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Rate control effective in patients with both AF and CHF

Rate control is as effective as rhythm control in preventing mortality in patients with AF and heart failure.

The study enrolled 1,376 patients with a left ventricular ejection fraction of 35%, symptoms of CHF and a history of ECG-confirmed AF.

Participants were randomised to either maintenance of sinus rhythm with electrical cardioversion and antiarrhythmic drugs such as amiodarone (rhythm control: 682 patients) or control of ventricular rate using beta blockers and digoxin, with atrioventricular nodal ablation and pacemaker insertion if the study rate control targets were not achieved (rate control: 694 patients). The patients were followed up for a mean of 37 months. The primary outcome measure was cardiovascular mortality.

The results showed no significant difference in cardiovascular mortality between the two groups, with 182 patient deaths in the rhythm control group and 175 in the rate control group (27% and 25% of participants respectively). After adjustment for baseline variables reflecting LV function, heart failure class, comorbidities, use of implantable devices, duration of AF, renal function and medical therapy, the odds ratio was 1.05 (95% CI 0.85-1.29, P=0.67).

Furthermore, secondary outcomes were also similar in the two groups, including all-cause mortality (32% and 33% in the rhythm and rate groups respectively), stroke (3% versus 4%), worsening heart failure (28% versus 31%) and a composite of mortality from cardiovascular causes, stroke and worsening heart failure (43% versus 46%).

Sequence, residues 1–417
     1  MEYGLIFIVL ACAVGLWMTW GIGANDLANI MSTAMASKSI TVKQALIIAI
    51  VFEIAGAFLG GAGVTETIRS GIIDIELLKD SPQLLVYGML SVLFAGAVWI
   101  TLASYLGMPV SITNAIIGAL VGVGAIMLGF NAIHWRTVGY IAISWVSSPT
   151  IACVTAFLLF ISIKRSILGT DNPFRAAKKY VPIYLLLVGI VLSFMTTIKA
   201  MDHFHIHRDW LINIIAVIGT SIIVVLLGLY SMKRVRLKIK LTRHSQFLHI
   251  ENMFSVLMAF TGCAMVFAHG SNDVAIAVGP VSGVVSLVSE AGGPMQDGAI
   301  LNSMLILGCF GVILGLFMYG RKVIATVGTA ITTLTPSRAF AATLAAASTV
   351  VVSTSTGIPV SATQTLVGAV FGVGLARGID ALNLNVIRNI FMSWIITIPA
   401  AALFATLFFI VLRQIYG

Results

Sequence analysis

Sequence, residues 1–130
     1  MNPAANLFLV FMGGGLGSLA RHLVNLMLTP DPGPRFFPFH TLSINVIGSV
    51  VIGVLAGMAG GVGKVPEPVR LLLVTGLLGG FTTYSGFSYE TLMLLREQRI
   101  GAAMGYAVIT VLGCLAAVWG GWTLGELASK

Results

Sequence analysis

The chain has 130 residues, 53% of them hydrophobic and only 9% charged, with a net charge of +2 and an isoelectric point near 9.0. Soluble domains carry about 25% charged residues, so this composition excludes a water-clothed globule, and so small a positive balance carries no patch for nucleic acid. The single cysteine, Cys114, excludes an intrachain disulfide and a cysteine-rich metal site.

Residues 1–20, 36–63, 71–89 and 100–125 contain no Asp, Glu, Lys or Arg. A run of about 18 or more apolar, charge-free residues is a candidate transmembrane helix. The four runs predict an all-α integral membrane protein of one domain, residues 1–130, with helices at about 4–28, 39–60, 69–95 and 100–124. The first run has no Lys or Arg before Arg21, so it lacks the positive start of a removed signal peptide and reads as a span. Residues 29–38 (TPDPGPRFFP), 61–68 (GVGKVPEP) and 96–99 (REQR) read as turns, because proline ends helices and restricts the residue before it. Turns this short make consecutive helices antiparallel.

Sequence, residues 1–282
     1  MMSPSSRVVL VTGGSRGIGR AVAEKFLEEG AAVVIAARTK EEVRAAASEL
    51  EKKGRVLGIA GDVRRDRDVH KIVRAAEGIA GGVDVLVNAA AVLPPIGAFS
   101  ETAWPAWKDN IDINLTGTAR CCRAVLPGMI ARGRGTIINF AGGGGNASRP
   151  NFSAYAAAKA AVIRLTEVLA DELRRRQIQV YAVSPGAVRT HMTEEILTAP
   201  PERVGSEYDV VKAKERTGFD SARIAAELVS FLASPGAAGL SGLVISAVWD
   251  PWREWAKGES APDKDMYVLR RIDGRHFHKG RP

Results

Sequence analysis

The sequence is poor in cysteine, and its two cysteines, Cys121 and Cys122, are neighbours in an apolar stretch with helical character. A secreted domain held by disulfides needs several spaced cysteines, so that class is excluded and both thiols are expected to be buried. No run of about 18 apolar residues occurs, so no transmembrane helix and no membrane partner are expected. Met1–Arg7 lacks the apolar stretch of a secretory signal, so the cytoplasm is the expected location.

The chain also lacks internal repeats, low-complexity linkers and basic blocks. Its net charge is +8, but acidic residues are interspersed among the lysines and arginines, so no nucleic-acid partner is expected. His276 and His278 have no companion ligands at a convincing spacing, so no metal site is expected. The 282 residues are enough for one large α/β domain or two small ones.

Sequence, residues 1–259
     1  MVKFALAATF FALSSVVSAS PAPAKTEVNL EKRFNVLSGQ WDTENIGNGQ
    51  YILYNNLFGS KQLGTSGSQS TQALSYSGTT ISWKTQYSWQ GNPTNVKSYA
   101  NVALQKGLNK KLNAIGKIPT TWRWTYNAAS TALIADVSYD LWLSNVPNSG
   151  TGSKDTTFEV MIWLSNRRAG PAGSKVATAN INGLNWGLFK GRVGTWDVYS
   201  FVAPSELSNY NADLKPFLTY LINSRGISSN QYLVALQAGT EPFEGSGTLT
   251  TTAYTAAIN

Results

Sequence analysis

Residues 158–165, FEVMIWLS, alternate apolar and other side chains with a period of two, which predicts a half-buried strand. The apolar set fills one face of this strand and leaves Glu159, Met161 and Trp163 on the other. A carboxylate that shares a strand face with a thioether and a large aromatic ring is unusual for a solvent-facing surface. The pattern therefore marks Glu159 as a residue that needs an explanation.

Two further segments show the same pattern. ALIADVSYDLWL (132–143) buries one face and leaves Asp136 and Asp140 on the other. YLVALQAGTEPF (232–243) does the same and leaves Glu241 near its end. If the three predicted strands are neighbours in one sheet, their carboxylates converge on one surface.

One of the key issues in the successful management of AF is whether to adopt a rate or rhythm control strategy. Current evidence suggests outcomes are better with a rate control strategy in most patients. However, patients with heart failure have been felt to be a notable exception to this rule.

This trial appears to support the gathering weight of evidence for a rate control strategy in patients with AF. It would seem that rhythm control is falling from favour and will be reserved for young patients and those with refractory symptoms or an acute presentation.

Roy D, Talajic M, Nattel S et al. Rhythm Control versus Rate Control for Atrial Fibrillation and Heart Failure. N Engl J Med 2008;358:2667-77

A 12-lead electrocardiogram (ECG) of atrial fibrillation Atrial fibrillation Reviewer

Dr Peter Savill
GPwSI Cardiology, Southampton

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